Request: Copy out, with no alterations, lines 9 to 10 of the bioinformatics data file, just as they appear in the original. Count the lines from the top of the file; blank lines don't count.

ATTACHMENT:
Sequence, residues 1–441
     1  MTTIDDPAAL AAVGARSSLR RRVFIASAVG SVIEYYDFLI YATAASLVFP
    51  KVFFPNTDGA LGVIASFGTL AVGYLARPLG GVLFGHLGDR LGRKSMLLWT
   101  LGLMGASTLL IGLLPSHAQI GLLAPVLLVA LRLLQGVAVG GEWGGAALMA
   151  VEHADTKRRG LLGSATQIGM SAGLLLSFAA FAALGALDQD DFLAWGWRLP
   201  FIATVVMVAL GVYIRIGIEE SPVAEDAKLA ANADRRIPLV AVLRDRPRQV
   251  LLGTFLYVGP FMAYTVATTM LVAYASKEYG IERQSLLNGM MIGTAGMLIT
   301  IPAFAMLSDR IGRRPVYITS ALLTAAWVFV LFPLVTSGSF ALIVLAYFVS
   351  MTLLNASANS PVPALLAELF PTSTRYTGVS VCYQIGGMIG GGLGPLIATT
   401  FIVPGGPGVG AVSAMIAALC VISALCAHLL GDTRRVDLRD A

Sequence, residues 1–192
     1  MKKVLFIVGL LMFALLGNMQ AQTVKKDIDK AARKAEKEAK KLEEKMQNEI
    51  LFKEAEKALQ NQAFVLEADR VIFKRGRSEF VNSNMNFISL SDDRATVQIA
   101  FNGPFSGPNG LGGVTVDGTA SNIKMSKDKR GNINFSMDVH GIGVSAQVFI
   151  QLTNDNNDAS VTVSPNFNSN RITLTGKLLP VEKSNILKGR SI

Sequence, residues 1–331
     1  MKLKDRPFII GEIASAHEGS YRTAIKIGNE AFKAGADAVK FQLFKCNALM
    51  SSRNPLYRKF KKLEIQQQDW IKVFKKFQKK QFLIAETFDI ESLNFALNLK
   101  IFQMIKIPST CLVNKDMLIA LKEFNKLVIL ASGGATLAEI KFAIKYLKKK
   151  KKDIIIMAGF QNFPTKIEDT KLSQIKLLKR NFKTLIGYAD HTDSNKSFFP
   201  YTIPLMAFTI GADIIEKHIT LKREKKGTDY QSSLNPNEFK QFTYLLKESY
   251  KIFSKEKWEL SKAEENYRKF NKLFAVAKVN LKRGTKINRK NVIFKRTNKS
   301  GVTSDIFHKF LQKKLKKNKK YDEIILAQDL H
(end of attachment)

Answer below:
   351  MTLLNASANS PVPALLAELF PTSTRYTGVS VCYQIGGMIG GGLGPLIATT
   401  FIVPGGPGVG AVSAMIAALC VISALCAHLL GDTRRVDLRD A